#include <linux/lirc.h> /* But see BUGS */ int ioctl(int fd, int cmd, ...);
The following ioctls can be used to probe or change
settings. Many require a third argument, usually an
int. referred to below as
Always Supported Commands
/dev/lirc* devices always
support the following commands:
Returns a bit mask of combined features bits; see FEATURES.
If a device returns an error code for
LIRC_GET_FEATURES, it is safe to assume
it is not a
lirc devices support
the commands listed below. Unless otherwise stated, these
fail with the error ENOTTY
if the operation isn_zsingle_quotesz_t supported, or with the error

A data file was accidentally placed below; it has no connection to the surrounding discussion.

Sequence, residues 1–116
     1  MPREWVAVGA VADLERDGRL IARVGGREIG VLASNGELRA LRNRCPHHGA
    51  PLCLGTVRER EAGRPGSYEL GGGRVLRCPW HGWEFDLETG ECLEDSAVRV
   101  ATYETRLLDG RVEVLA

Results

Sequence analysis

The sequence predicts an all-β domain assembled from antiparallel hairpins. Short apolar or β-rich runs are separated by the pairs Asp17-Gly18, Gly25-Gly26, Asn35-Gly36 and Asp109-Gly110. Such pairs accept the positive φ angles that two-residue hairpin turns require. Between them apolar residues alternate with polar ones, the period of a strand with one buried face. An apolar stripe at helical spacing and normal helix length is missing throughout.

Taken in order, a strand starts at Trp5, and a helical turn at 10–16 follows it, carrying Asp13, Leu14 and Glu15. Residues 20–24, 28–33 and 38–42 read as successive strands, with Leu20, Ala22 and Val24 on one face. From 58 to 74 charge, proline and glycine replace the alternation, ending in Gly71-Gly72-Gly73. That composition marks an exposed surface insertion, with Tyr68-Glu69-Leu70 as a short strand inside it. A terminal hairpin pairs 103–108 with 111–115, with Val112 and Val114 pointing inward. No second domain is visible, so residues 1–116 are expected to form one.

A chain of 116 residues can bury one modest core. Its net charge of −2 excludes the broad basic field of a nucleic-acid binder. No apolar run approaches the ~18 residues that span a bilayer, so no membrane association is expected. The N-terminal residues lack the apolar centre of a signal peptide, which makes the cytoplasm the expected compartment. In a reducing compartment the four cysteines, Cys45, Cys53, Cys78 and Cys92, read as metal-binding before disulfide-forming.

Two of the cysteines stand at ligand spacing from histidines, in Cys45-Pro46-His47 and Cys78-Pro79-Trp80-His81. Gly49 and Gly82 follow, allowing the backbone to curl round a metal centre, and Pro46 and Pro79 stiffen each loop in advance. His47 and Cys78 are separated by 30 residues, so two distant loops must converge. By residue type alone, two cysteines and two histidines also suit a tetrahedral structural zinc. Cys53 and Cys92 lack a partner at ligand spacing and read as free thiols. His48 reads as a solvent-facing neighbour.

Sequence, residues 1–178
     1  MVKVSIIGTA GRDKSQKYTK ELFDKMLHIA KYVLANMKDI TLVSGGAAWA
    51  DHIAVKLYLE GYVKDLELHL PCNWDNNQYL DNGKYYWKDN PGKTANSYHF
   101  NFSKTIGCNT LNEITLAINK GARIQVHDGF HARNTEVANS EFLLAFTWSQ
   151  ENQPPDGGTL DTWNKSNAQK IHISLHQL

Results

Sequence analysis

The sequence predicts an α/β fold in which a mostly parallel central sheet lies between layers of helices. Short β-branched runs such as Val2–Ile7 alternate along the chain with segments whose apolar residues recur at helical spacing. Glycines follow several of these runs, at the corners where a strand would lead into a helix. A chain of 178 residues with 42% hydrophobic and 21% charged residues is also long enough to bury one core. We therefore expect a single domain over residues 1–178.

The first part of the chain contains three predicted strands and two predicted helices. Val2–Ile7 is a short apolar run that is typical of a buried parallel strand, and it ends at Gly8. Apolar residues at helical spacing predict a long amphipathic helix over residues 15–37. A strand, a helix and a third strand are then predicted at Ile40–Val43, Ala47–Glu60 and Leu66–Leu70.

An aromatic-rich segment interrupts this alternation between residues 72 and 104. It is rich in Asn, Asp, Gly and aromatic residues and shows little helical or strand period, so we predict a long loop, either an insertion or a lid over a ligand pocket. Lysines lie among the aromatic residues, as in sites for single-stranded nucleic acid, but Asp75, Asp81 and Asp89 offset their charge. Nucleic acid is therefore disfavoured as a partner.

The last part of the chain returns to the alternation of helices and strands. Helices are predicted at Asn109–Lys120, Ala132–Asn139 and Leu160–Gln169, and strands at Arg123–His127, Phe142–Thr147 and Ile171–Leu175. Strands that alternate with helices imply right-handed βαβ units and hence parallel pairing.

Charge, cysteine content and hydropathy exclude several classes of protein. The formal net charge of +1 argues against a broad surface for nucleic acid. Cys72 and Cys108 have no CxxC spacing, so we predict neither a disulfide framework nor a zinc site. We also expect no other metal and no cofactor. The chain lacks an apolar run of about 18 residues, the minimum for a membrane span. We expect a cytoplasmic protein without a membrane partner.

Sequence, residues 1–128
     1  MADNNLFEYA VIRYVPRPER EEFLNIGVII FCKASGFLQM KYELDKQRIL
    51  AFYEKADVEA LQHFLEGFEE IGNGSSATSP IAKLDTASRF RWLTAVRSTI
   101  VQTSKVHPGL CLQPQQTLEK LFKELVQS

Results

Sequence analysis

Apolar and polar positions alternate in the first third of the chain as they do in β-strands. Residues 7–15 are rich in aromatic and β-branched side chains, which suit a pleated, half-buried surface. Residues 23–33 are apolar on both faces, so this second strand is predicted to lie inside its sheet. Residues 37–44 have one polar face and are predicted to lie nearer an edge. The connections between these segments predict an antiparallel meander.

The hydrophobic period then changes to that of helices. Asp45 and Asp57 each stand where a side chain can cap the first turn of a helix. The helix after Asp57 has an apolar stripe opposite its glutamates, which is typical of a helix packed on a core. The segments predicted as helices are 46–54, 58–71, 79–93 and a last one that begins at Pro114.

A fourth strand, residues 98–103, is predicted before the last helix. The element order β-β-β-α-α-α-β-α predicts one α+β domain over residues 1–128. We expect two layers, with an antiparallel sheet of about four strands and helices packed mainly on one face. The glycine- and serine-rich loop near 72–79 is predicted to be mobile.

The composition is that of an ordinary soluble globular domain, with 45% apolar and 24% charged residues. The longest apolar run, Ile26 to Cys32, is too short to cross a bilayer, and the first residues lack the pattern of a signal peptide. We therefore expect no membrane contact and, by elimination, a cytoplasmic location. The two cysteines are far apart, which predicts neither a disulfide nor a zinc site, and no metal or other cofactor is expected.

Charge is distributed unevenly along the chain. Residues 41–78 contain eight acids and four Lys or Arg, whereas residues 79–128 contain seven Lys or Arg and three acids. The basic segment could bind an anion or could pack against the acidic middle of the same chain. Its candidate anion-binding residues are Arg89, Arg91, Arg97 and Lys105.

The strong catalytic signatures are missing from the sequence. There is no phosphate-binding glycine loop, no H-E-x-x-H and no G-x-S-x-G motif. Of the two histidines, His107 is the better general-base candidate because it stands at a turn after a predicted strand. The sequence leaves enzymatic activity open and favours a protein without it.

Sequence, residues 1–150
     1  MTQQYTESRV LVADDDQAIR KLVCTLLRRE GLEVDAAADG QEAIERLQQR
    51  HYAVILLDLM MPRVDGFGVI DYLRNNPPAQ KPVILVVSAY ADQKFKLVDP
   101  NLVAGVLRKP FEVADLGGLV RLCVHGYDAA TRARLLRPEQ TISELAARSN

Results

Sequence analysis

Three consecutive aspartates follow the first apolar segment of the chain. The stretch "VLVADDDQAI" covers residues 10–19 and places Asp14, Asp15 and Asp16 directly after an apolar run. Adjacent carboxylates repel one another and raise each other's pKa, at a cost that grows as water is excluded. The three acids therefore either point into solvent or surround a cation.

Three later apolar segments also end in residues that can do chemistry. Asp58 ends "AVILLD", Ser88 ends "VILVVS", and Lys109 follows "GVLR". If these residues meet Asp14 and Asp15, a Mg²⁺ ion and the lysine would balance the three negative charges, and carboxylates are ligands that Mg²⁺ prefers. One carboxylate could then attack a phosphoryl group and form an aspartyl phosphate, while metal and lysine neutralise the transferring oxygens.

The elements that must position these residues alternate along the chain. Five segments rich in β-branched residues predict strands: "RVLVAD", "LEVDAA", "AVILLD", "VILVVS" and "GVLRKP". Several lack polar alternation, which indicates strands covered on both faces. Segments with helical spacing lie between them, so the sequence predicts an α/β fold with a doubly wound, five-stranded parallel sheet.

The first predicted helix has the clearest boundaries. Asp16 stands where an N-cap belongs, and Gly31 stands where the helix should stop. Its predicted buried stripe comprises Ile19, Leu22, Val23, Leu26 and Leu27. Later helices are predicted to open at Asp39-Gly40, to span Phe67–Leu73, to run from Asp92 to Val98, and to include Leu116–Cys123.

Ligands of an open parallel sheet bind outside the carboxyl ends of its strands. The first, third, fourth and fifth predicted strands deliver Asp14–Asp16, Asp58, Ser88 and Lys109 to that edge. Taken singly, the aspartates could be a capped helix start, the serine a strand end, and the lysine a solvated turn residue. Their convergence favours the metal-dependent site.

EINVAL if the operation
failed, or invalid arguments were provided. If a driver
does not announce support of certain features, invoking the
corresponding ioctls will fail with the error ENOTTY.
lircdevice has no receiver, this operation fails with the error ENOTTY. Otherwise, it returns the receive mode, which will be one of:
The driver returns a sequence of pulse/space durations.
The driver returns struct
lirc_scancodevalues, each of which represents a decoded button press.
Set the receive mode.
LIRC_MODE_MODE2. If the
lircdevice has no receiver, this operation fails with the error
Return the send mode.
LIRC_MODE_SCANCODEis supported. If the
lircdevice cannot send, this operation fails with the error
Set the send mode.
LIRC_MODE_PULSE. If the
lircdevice cannot send, this operation fails with the error ENOTTY.
Set the modulation frequency. The argument is the frequency (Hz).
Set the carrier duty cycle.